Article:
In the wake of that major fire in Mission Bay on March 11, in which firefighters tapped into the city's not widely known, 100-year-old, high-pressure emergency water system, the Chron has done some sniffing around to figure out how well equipped that system is in the event of an earthquake tomorrow. Turns out, not that well equipped.
Built in 1913, the backup water system relies on gravity, rather than pressure, to deliver water to special hydrants via three large tank reservoirs built on hills around the city, including the 10.5 million-gallon Twin Peaks Reservoir. Firefighters were able to access one of these hydrants to help battle the blaze, though one of the reasons it was able to rage as large as it did was that 30 minutes of set-up time was required to drag a five-inch-diameter hose to the single hydrant, which was hundreds of feet away. In total, they sprayed 7 million gallons of water on that thing.
As we learn, there are also about 200 underground cisterns throughout the city capable of supplementing the regular hydrant water supply, however these only serve portions of the inner city, and not areas like the Richmond, Sunset, Excelsior, and Ingleside. Serving those areas, there is a system of portable hoses, pumps, and hydrants. However the big takeaway here, if there is one, is that the SFFD is only equipped to fight about three big blazes burning at one time, and that if more should spring up at once following an earthquake, a la 1906, the same problems they had in 1906 with broken water mains everywhere could repeat itself, despite the emergency water supply we now have.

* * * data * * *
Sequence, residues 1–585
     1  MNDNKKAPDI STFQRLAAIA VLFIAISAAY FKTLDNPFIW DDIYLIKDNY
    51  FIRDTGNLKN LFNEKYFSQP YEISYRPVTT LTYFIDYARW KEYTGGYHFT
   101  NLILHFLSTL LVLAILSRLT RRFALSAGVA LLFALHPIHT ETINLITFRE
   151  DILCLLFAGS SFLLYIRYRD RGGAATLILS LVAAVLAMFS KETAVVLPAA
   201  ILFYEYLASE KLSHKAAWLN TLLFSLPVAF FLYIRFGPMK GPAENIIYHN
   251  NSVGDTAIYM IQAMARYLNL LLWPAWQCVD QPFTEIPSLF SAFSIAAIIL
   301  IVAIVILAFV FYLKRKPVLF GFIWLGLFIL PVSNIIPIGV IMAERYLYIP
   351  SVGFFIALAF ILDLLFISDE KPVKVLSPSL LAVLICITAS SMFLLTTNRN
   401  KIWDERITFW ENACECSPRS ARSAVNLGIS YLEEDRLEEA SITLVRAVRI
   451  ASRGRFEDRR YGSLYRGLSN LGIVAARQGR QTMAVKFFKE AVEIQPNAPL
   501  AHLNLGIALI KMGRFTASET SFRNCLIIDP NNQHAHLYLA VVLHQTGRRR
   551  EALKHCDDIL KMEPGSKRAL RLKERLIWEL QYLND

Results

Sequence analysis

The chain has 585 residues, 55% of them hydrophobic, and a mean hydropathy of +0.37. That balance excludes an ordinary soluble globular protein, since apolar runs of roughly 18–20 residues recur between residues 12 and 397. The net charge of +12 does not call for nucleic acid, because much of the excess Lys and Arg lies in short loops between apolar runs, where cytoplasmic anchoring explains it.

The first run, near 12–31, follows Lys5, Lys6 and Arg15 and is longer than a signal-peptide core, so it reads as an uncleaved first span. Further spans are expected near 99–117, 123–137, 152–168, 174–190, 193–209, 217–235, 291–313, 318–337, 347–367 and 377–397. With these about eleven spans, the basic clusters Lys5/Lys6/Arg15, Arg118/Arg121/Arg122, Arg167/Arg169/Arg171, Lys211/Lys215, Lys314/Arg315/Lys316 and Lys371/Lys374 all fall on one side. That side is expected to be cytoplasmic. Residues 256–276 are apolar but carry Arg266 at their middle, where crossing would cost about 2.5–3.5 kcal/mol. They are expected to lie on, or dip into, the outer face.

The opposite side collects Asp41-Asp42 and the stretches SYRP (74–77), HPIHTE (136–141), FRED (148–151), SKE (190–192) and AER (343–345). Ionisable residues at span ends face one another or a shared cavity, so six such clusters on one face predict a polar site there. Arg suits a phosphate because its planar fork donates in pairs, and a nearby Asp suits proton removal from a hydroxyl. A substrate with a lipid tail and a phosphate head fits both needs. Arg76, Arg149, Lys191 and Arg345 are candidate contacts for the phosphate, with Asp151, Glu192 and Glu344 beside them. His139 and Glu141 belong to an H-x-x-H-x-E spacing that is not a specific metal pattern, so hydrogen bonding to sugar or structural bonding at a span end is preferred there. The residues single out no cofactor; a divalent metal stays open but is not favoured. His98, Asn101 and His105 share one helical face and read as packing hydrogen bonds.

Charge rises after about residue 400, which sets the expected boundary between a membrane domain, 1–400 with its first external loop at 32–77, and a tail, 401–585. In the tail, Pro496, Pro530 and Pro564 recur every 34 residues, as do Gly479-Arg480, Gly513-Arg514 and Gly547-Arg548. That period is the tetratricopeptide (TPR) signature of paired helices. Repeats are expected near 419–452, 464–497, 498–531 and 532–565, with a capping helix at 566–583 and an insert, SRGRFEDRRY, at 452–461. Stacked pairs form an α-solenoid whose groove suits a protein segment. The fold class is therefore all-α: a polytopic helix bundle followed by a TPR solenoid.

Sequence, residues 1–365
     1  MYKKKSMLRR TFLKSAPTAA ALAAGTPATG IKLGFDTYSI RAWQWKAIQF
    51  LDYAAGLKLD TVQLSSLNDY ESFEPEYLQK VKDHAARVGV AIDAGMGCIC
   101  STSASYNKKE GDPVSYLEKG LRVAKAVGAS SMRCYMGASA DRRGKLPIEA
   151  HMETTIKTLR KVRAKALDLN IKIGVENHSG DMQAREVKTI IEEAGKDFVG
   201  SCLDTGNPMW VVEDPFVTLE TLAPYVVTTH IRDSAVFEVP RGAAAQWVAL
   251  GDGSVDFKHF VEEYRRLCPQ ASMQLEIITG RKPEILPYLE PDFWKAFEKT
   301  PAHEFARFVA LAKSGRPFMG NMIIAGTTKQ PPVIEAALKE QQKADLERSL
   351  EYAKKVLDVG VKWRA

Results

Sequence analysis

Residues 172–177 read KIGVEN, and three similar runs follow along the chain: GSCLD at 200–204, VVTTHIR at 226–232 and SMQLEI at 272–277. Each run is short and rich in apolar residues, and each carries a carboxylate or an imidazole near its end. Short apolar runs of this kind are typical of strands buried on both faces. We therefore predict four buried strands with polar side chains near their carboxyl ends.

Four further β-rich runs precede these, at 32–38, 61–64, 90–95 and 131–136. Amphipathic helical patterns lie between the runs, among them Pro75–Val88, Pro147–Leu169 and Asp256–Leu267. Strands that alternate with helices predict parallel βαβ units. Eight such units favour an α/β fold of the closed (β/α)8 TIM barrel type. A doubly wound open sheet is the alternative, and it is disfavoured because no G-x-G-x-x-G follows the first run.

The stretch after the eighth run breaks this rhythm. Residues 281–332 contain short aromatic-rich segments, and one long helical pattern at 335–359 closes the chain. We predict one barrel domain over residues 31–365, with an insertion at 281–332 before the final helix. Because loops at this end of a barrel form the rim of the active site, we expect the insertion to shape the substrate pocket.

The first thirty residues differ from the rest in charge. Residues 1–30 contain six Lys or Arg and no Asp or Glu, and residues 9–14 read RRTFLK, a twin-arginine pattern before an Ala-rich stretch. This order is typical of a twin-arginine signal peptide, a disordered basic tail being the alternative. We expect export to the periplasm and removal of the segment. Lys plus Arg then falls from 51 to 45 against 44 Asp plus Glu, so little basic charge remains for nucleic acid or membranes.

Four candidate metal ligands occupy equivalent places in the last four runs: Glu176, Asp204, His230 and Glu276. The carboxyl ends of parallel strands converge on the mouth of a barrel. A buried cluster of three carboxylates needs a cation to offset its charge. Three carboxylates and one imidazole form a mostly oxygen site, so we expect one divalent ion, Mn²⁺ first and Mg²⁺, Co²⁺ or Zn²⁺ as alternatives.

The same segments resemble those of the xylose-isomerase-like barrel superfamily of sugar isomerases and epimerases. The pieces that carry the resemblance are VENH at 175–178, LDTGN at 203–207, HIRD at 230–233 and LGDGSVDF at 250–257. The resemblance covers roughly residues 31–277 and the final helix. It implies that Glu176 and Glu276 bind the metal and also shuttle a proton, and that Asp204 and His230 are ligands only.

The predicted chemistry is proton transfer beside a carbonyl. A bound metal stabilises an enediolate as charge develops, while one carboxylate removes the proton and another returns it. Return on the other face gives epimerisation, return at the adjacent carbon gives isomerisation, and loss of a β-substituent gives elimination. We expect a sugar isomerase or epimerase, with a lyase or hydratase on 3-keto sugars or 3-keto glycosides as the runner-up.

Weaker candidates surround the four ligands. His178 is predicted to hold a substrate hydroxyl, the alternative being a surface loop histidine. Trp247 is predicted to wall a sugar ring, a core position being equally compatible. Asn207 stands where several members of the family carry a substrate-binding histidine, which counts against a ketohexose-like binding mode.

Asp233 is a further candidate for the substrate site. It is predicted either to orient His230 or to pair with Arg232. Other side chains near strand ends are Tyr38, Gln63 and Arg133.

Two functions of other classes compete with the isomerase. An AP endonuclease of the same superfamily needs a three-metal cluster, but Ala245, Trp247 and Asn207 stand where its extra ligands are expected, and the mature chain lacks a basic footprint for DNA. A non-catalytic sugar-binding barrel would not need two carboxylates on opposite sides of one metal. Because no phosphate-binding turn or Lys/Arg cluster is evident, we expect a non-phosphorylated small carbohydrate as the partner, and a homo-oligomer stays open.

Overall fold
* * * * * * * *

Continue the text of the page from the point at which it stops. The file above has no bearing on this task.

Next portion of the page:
It seems that Fire Chief Joanne Hayes-White has been trying since 2010 to increase the number of rigs capable of dispensing high-pressure hoses, and to install a system of 18 storage containers throughout the city in order to store the portable equipment needed to tap into the system, but the $9 million in funding she needed never materialized, and that price tag just keeps going up.
The primary source for the Chron's report: Thomas Doudiet, a disgruntled, retired assistant deputy fire chief who pushed for all these upgrades for a number of years, but then left the department in 2011. And even though voters have approved multiple bonds to fund some of these projects, they haven't gotten done.
Perhaps this is the sort of infrastructure investment the Supervisors should try to find the money for. Because, yes, huge citywide fire. That would be nice to avoid.